| Update 8/9/13 3:15 p.m.: the original version of this post included a Twitpic as the lead graphic. It is no longer loading, so I’ve moved up the satellite image, redone parts of the post, and included a new Twitpic of the fire below. (See other updates below as well.)|
Southern California’s Silver Fire ignited on Wednesday and promptly took off, burning through 1,000 acres an hour.
It’s initial spread through desiccated grass on steep hillsides was so fast that it prompted John Hawkins, the California Department of Forestry and Fire Protection chief in Riverside County, to tell the Los Angeles Times that it was “one of the most rapidly spreading … dangerous fires” that he had seen in 50 years with the agency.
The image at the top of this post was captured by NASA’s Aqua satellite on Thursday. It shows the Silver Fire in relation to Los Angeles to the west. I chose false color because it highlights the extent of the burn scar in rusty tones, and also shows the area of active burning.
As I’m writing this early Friday morning, the fire has consumed 14,000 acres and is 20 percent contained. It has destroyed 26 homes and one commercial structure. (You can get updated information about the blaze from CalFire’s incident information page here.)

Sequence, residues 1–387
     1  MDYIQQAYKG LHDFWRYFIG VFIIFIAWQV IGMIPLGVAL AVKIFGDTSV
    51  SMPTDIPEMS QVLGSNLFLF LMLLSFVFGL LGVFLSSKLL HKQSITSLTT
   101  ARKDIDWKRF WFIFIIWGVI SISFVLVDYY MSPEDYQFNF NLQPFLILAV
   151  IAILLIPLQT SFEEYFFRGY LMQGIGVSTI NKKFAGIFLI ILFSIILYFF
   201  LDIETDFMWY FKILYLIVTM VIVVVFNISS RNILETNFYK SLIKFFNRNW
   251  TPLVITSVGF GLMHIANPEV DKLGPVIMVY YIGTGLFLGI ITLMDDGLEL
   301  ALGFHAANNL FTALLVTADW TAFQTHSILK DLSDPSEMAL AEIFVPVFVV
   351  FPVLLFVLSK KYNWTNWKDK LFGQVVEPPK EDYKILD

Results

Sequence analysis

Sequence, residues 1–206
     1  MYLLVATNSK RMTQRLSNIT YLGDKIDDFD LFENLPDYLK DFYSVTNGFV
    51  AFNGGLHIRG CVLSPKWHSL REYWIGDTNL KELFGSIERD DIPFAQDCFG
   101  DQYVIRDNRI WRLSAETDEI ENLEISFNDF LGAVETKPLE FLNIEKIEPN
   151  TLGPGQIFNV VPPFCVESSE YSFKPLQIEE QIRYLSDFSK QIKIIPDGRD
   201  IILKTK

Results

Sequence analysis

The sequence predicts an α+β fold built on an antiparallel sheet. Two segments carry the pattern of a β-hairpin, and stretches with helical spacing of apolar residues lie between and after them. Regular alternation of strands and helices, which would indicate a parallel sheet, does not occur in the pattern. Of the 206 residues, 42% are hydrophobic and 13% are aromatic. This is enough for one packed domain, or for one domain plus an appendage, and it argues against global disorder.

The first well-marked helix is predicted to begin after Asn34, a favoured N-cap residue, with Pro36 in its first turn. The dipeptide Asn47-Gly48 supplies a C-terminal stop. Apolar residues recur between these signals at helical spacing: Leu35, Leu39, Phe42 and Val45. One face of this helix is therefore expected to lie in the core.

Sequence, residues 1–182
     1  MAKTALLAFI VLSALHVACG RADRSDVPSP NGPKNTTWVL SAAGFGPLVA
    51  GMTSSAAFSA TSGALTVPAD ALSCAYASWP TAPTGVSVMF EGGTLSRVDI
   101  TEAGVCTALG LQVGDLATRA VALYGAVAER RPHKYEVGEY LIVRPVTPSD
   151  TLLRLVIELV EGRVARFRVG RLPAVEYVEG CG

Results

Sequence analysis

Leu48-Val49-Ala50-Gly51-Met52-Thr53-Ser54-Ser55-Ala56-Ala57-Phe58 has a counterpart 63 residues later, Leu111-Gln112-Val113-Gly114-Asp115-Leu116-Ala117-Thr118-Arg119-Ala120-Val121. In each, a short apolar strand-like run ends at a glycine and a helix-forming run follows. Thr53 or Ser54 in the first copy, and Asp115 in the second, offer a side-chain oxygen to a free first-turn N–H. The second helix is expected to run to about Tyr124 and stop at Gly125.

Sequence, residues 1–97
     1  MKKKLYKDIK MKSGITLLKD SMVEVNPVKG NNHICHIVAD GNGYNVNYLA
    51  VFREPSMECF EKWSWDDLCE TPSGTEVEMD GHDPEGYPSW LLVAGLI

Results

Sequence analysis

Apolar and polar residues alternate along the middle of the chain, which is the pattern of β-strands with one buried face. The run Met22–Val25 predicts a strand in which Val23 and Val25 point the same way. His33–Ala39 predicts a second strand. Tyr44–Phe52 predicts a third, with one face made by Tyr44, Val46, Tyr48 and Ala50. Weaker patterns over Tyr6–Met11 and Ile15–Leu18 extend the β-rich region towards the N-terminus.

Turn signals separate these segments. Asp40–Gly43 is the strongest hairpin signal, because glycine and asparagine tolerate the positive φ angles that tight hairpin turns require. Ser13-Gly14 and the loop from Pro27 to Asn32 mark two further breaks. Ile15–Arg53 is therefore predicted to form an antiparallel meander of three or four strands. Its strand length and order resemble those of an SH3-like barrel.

|Update 8/9/13, 3:15 p.m.: The fire now covers 16,000 acres and is 25 percent contained. For a map of the fire, click here. |
Here is a Twitpic of the fire:
— jay calderon (@jaymcalderon) August 9, 2013
Unfortunately, the weather forecast from the National Weather Service does not look good:
FRIDAY AFTERNOON AND EVENING...WESTERLY WIND OF 15-25 MPH IN THE MOUNTAIN PASSES AND DESERTS WITH GUSTS TO 40 MPH. THE WINDS WILL COMBINE WITH LOW RELATIVE HUMIDITY AND VERY DRY FUELS IN THESE AREAS TO INCREASE THE WILDFIRE RISK.
|Update 8/9/13, 3:15 p.m.: The latest forecast calls for winds tonight from the southwest at 10 to 15 miles per hour with gusts to 25 mph. |
As I’ve written previously, California experienced it’s driest January through June on record. So the wildfire risk is indeed very high. And the Santa Ana winds haven’t even kicked in yet. These are typically hot, dry and blustery winds that blow in out of the desert in the fall.
I’ll keep an eye on this and post updates as new images and information become available.